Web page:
17 C
New York
Monday, September 25, 2023

On the Horizon: Broad Employment Protections for Marijuana Customers within the District of Columbia

Final summer time, the Washington D.C. Council unanimously handed a invoice that prohibits employers from refusing to rent, terminating, suspending, failing to advertise, demote, or in any other case penalizing any worker who makes use of marijuana, even when they fail a drug take a look at. In October 2022, the invoice, known as the D.C. Marijuana Protections Modification Act of 2022, was signed by Mayor Bowser. The regulation goes into impact on or after July 13, 2023.[1] 

Beneath the Act, employers are usually prohibited from refusing to rent, firing, or taking different opposed actions in opposition to staff for leisure marijuana use, participation in a medical marijuana program, or for failing a marijuana drug take a look at. Nonetheless, employers will be capable to take motion in opposition to staff for marijuana use if “the worker manifests particular articulable signs whereas working, or through the worker’s hours of labor, that considerably lower or reduce the worker’s efficiency of the duties or duties of the worker’s job place,” or if such “particular articulable signs intervene with an employer’s obligation to offer a secure and wholesome office as required by District or federal occupational security and well being regulation.”

The Act additionally amends the District of Columbia Human Rights Act to require employers to deal with a qualifying affected person’s use of medical marijuana for a incapacity in the identical method as it could deal with the authorized use of different managed substances prescribed by or taken below the supervision of a licensed well being care skilled (topic to some exceptions). 


The regulation identifies a number of exceptions, together with: (1) exceptions for workers in “safety-sensitive” positions; (2) if an employer is required by federal statute, laws, contract, or funding settlement to ban marijuana use; or (3) if the worker used or possessed marijuana whereas performing work for the employer or through the worker’s work hours.

A “safety-sensitive” place is an employment place designated by the employer wherein it’s moderately foreseeable that the worker would seemingly trigger precise, speedy, and critical bodily damage or lack of life to self or others in the event that they carried out their work duties whereas below the affect of medicine or alcohol. The Act provides examples of positions that qualify as safety-sensitive, together with positions requiring (1) common or frequent operation of a motorcar or heavy or harmful gear or equipment, (2) common or frequent work on an energetic building web site or occupational security coaching, (3) common or frequent work on or close to energy or fuel utility traces or dealing with hazardous supplies (as outlined by District regulation), (4) the supervision of, or provision of routine look after, people who’re unable to look after themselves and who reside in an institutional or custodial setting, or (5) the administration of medicines, the efficiency or supervision of surgical procedures, or the availability of different medical remedy requiring skilled credentials.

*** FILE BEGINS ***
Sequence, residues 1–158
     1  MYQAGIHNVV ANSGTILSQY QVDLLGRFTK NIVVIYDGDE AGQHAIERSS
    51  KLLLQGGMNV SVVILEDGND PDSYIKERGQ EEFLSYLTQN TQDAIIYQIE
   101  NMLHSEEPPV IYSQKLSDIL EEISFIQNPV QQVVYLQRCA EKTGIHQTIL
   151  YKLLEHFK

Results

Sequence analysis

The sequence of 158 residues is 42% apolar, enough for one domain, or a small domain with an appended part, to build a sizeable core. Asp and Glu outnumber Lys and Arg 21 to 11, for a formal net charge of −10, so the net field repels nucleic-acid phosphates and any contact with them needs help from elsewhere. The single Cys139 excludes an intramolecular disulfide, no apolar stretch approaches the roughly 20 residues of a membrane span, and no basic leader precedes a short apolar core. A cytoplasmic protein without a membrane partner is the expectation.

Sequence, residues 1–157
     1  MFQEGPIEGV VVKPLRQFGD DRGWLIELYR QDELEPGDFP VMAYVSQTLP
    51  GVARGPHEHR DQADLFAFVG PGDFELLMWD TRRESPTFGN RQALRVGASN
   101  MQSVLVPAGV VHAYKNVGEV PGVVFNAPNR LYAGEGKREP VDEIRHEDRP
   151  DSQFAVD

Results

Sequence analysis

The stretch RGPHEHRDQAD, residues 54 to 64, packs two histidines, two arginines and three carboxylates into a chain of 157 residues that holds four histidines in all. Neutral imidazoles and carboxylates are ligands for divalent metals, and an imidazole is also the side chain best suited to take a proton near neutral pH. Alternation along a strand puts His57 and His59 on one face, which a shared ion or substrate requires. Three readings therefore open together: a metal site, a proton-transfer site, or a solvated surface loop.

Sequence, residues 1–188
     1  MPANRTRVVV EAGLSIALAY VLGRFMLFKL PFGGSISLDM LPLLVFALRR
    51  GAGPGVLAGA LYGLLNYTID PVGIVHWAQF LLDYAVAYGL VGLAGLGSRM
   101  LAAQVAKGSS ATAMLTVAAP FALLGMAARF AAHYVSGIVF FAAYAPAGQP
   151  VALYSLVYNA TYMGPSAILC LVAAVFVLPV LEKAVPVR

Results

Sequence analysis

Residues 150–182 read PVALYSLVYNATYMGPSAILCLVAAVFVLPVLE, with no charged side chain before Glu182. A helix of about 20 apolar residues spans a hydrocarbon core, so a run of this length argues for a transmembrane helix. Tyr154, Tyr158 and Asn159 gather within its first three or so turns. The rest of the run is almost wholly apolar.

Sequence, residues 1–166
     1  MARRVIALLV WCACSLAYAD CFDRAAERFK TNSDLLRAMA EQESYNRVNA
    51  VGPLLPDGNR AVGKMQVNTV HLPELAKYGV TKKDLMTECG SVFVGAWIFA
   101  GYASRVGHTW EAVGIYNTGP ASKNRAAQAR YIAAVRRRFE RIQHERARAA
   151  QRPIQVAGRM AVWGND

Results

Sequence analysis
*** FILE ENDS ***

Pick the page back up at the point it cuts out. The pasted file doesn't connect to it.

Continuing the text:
Whereas the regulation will apply to most staff, staff of the federal authorities and the DC court docket system are excluded from the scope of the Act. Nonetheless, the Act will provide protections for different authorities staff inside the District.

Worker Complaints:

Beneath the Act, aggrieved staff could have varied cures: (1) submitting a grievance with the Workplace of Human Rights; (2) bringing a non-public reason for motion (leisure marijuana customers should first exhaust their administrative cures with an OHR grievance); and/or (3) submitting a grievance with the Lawyer Basic.

An employer who’s discovered to have violated the Act may face civil penalties, together with compensatory damages, misplaced wages, different equitable aid, and legal professional’s charges and prices. Civil penalties embrace the next: for employers that make use of 1 to 30 staff, a tremendous of as much as $1,000 per violation; for employers that make use of 31 to 99 staff, a tremendous of as much as $2,500 per violation; and for employers that make use of 100 or extra staff, a tremendous of as much as $5,000 per violation. The penalty shall be doubled for employers who violate the Act greater than as soon as within the yr.

Employer Tasks Trying Forward:

Inside 60 days of the regulation changing into efficient, employers shall be required to inform employees of their rights, together with if the employer has designated a employee’s function as safety-sensitive, and the employer’s protocols for drug and alcohol testing. This discover have to be offered to all new hires upon employment and to staff yearly. Moreover, employers ought to overview their drug and alcohol insurance policies to make sure they adjust to the Act.


[1] The Act won’t go into impact till its fiscal impact is included in an accepted price range or July 13, 2023, whichever is later.

Related Articles


Please enter your comment!
Please enter your name here

Stay Connected

- Advertisement -spot_img

Latest Articles